Per­haps not sur­pris­ingly, Demo­crats re­tain the most con­fid­ence in gov­ern­ment, with 48 per­cent ex­press­ing some level of con­fid­ence, slightly lower than the 54 per­cent who ex­pressed some con­fid­ence in Ju­ly. Only 23 per­cent of Re­pub­lic­ans ex­press some con­fid­ence, down from 33 per­cent.

The United Tech­no­lo­gies/Na­tion­al Journ­al Con­gres­sion­al Con­nec­tion Poll was con­duc­ted by Prin­ceton Sur­vey Re­search As­so­ci­ates In­ter­na­tion­al, which sur­veyed 1,008 adults by land­line and cell phone from Dec. 8-11. It has a mar­gin of er­ror of plus or minus 3.7 per­cent­age points. The mar­gin of er­ror is high­er for sub­groups.

The poll is the latest in a series of na­tion­al sur­veys that will track the pub­lic’s pri­or­it­ies for Con­gress — and its as­sess­ment of Wash­ing­ton’s per­form­ance — dur­ing most weeks that Con­gress is in ses­sion through what is likely to be a tu­mul­tu­ous 2012.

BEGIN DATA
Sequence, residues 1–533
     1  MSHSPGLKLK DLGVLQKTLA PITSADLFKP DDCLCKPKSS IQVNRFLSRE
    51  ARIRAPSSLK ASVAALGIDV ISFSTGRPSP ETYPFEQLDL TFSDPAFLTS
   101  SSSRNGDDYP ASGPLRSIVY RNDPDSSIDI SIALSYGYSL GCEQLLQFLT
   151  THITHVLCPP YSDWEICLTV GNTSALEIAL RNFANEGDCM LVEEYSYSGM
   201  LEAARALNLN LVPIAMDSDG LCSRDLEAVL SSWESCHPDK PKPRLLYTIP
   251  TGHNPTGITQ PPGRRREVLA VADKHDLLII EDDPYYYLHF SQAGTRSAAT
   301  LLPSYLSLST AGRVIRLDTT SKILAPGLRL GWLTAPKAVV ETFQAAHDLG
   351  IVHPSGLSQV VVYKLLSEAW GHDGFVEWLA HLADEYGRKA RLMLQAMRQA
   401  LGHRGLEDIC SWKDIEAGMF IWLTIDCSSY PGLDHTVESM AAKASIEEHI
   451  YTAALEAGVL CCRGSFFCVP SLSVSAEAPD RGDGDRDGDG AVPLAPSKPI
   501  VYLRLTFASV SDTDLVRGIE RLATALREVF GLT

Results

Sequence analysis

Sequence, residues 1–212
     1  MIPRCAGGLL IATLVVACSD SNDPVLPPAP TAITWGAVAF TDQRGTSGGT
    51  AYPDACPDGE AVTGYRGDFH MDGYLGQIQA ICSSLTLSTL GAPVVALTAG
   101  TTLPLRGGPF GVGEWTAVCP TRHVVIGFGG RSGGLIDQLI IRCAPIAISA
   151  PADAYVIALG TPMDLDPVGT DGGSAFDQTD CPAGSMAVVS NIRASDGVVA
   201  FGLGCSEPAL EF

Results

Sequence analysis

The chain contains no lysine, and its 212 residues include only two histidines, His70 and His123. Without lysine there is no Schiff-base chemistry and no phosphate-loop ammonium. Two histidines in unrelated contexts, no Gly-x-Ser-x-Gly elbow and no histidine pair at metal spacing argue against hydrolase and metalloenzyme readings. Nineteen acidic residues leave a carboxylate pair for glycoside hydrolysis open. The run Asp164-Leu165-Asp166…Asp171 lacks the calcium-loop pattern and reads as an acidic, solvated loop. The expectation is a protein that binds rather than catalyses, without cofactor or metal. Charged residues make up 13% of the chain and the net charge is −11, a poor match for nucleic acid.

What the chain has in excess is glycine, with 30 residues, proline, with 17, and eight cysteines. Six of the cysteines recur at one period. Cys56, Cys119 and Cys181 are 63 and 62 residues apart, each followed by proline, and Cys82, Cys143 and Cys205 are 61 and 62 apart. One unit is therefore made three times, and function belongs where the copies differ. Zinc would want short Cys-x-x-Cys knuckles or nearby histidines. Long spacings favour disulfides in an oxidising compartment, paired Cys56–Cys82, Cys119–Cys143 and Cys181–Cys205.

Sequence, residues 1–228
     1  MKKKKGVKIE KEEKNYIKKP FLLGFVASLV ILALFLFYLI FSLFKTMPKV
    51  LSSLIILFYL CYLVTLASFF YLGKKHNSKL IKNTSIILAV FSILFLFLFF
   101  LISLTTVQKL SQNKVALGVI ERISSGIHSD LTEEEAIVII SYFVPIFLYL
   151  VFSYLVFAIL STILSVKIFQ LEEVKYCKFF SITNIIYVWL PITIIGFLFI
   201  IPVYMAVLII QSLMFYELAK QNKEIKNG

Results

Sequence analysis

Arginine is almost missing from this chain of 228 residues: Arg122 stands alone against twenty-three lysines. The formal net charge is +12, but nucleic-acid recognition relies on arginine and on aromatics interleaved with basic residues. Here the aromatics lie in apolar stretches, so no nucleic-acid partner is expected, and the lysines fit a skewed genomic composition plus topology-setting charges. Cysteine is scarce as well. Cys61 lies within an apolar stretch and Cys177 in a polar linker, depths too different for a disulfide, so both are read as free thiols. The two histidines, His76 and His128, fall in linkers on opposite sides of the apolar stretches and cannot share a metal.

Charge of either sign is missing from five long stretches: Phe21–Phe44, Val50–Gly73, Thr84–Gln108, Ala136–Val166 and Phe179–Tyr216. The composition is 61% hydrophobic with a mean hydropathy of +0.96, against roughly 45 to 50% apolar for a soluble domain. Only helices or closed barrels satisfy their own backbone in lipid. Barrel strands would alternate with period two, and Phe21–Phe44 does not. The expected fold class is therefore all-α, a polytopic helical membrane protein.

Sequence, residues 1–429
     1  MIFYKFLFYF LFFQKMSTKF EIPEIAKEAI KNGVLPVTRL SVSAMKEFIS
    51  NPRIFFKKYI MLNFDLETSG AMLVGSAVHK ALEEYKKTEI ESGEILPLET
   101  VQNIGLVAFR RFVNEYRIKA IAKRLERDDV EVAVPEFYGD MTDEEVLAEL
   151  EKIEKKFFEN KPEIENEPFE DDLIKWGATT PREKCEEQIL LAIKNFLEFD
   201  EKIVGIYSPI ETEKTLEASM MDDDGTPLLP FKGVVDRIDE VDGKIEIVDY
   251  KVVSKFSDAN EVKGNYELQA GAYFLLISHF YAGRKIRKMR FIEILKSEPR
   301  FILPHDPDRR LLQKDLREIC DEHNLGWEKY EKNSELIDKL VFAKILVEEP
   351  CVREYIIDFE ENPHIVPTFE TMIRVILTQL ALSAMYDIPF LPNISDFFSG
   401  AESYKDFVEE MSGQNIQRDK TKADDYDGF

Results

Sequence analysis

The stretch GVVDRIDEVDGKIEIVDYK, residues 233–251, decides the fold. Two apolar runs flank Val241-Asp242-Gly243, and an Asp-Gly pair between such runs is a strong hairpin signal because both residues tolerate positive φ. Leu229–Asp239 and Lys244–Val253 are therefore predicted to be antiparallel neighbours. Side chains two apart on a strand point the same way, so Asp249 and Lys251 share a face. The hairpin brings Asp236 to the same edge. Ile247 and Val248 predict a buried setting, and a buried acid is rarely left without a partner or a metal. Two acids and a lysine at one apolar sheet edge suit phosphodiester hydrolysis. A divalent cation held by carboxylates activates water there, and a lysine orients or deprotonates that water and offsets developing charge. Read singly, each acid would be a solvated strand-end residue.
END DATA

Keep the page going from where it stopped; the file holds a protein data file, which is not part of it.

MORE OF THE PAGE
Only a quarter of in­de­pend­ents — com­pared with 38 per­cent of Demo­crats and 34 per­cent of Re­pub­lic­ans — think their con­gres­sion­al rep­res­ent­at­ive has per­formed his or her job well enough to de­serve reelec­tion. Fifty-six per­cent of in­de­pend­ents say that it is time to give a new per­son a chance, com­pared with 49 per­cent of Demo­crats and 46 per­cent of Re­pub­lic­ans.

On this meas­ure, in­de­pend­ents’ views are vir­tu­ally un­changed from late Ju­ly, when 24 per­cent said they thought their mem­ber of Con­gress de­served to be reelec­ted and 60 per­cent pre­ferred a new per­son.

And only 7 per­cent of in­de­pend­ents said most oth­er mem­bers of Con­gress de­serve to be reelec­ted; 10 per­cent of all Amer­ic­ans be­lieve they do. This find­ing is stat­ist­ic­ally un­changed from Ju­ly.

In­de­pend­ents’ ca­pri­cious­ness has led to three con­sec­ut­ive tur­bu­lent con­gres­sion­al-elec­tion cycles. In 2006, in­de­pend­ents voted over­whelm­ingly for House Demo­crats, al­low­ing the party to re­claim both houses of Con­gress. Exit polls showed that 57 per­cent of in­de­pend­ents voted for the Demo­crat­ic can­did­ate for the House, while just 39 per­cent sup­por­ted the Re­pub­lic­an can­did­ate.